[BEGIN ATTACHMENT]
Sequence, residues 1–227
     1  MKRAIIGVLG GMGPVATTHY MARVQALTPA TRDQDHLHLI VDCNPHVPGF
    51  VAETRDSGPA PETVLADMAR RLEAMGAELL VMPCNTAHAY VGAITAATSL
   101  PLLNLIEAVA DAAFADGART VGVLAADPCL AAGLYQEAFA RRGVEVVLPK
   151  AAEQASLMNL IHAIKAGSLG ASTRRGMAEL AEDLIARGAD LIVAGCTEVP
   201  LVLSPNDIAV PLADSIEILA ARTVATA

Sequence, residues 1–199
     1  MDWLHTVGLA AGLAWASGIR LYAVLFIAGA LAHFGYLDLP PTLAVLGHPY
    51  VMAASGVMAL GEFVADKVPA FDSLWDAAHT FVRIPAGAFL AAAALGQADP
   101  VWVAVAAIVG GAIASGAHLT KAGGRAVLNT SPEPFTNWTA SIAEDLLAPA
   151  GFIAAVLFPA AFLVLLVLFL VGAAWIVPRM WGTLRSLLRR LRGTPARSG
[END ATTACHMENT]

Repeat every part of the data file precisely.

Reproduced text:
Sequence, residues 1–227
     1  MKRAIIGVLG GMGPVATTHY MARVQALTPA TRDQDHLHLI VDCNPHVPGF
    51  VAETRDSGPA PETVLADMAR RLEAMGAELL VMPCNTAHAY VGAITAATSL
   101  PLLNLIEAVA DAAFADGART VGVLAADPCL AAGLYQEAFA RRGVEVVLPK
   151  AAEQASLMNL IHAIKAGSLG ASTRRGMAEL AEDLIARGAD LIVAGCTEVP
   201  LVLSPNDIAV PLADSIEILA ARTVATA

Sequence, residues 1–199
     1  MDWLHTVGLA AGLAWASGIR LYAVLFIAGA LAHFGYLDLP PTLAVLGHPY
    51  VMAASGVMAL GEFVADKVPA FDSLWDAAHT FVRIPAGAFL AAAALGQADP
   101  VWVAVAAIVG GAIASGAHLT KAGGRAVLNT SPEPFTNWTA SIAEDLLAPA
   151  GFIAAVLFPA AFLVLLVLFL VGAAWIVPRM WGTLRSLLRR LRGTPARSG